March 16, 2016

Election time often brings out the worst in people and the last thing you need, especially in this unstable climate, is a lunatic at a polling place who is armed and not terribly sane. During yesterday's Ohio Primary Elections, an argument escalated to the point where a male poll-worker at a Cleveland elementary school actually threatened the female precinct judge and revealed a firearm in his backpack.

45-year-old Alan Bethea became involved in what police say was at first a verbal argument with other poll workers at Louisa May Alcott Elementary around noon. At one point, Bethea went to his backpack and pulled a .380 handgun out. He did not point the gun at his fellow poll workers, but threatened them with the weapon.

The precinct judge, Tonya Gallardo, who has been a dedicated volunteer at polling sites since she was able to vote at 18-years old, was tasked with breaking up a verbal spat over assisting a handicapped voter. What boiled down to laziness on the part of Bethea resulted in a heated argument between the disturbed man and another poll worker.

The disabled voter was looking to cast a ballot in the presidential primary election. Bethea told the voter to go to a green table — but there was no green table to be found. At that point, a female poll worker told Bethea to get up and help the voter. Instead of helping, however, Bethea began to yell at the female poll worker.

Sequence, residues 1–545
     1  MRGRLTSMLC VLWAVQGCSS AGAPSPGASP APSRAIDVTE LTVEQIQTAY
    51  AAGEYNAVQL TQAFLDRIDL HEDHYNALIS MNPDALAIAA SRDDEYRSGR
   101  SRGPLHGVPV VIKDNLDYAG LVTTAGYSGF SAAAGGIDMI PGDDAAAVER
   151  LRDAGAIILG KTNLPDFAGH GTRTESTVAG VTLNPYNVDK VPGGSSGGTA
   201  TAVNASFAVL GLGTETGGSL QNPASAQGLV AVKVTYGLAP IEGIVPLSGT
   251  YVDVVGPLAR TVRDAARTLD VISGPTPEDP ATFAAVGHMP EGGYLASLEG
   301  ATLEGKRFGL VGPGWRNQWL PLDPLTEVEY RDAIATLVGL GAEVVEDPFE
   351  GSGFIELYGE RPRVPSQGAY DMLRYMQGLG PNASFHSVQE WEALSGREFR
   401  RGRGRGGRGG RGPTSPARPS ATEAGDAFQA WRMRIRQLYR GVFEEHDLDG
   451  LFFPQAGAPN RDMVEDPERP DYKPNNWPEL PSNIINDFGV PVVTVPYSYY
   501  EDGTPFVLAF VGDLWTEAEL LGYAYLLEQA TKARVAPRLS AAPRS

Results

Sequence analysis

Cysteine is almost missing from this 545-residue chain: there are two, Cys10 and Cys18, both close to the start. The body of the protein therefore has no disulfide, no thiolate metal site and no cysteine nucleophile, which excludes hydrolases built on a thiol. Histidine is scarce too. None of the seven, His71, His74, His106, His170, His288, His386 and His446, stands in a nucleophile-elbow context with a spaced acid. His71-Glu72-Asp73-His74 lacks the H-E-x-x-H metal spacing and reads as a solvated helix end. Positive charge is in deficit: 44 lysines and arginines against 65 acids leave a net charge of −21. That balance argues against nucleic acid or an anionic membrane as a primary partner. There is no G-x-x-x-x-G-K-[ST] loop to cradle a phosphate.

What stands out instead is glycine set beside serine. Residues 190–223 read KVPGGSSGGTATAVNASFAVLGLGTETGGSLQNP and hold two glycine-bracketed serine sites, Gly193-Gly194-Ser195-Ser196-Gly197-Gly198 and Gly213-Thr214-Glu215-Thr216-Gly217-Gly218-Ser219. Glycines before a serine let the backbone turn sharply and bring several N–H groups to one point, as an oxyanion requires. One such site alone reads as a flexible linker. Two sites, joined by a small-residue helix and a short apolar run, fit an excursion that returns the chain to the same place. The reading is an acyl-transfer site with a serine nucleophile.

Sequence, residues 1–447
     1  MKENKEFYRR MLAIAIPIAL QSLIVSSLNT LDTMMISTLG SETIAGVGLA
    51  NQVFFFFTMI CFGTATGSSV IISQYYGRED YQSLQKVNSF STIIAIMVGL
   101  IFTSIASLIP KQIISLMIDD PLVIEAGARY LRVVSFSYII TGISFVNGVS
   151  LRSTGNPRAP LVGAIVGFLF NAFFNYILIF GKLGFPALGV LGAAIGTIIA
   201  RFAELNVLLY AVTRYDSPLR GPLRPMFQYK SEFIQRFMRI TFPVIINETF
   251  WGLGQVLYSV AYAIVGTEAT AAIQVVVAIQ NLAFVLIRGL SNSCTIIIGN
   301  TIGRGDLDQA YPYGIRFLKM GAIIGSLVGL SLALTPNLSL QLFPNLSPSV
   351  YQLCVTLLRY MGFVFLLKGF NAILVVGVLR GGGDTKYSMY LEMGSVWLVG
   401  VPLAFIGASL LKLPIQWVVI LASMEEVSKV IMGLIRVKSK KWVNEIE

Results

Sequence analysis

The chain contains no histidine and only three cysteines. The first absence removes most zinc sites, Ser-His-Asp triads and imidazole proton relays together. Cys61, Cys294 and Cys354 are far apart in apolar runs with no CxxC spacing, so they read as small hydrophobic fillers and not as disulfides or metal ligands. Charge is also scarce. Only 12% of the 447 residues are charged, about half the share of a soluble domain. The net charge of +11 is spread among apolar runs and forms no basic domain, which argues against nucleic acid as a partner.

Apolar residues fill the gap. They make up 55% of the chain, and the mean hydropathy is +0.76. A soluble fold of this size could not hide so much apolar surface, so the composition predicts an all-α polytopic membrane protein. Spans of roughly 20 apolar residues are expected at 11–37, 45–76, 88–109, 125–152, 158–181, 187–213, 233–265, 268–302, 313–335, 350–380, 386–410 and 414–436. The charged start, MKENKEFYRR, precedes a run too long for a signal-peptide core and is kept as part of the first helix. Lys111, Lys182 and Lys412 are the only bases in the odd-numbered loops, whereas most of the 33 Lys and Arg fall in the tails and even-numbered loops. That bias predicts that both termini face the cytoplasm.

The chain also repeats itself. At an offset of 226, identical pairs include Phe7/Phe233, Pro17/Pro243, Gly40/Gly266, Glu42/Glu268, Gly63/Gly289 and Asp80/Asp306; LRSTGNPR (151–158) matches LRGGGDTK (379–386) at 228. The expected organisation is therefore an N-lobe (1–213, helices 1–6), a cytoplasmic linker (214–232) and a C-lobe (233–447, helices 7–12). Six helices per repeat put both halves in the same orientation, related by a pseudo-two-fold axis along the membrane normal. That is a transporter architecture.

That’s when Gallardo jumped in. “Me being the precinct judge, I got up and said, there’s like 50 people in here voting, I can’t have this,” she said. “I said excuse me, you have to calm down.”

“He goes, ‘You need to shut the fuck up, bitch,'” Gallardo recalled. “He says, ‘Bitch, who the hell are you think you are?'”

Gallardo said she went back across the room, called the Board of Elections, and asked to have Bethea removed. In response, Bethea opened his backpack, and showed his gun to the female poll worker sitting next to him. He showed her the gun in the bag, and pointed his finger at Gallardo.

“I could hear him from all the way over here. He said, ‘She’s gonna die tonight. She’s gonna die,'” Gallardo said. “He went and opened his bag, and showed the girl next to him — ‘Look what I’ve got for her.'”

Gallardo called the cops. Before they got there, Bethea left — but the police eventually tracked him down and arrested him. In a statement, the Cuyahoga County Board of Elections confirmed they had terminated Bethea.

The worst part of this story is that Gallardo has been threatened at a polling place before. She had previously been threatened with a knife. She's not so sure she wants to take a chance at a third encounter with another unstable worker with no background check. It seems a church or a school would be the last person where an unstable, violent person should be volunteering, and yet, there are no plans to instate this precautionary measure. So this is not the last time we'll be hearing a story like this. Gallardo said,

“Why in the world would they let him come in to a school with children and work the election?” she said. “They really can not just hire anyone because they need people to work.”

Sadly, it seems they can. We should hope that unhinged, open-carry lunatics won't be at polling places this November practicing a new form of voter intimidation. Cleveland is, coincidentally, the site of the 2016 RNC Convention. Is this an omen of things to come?

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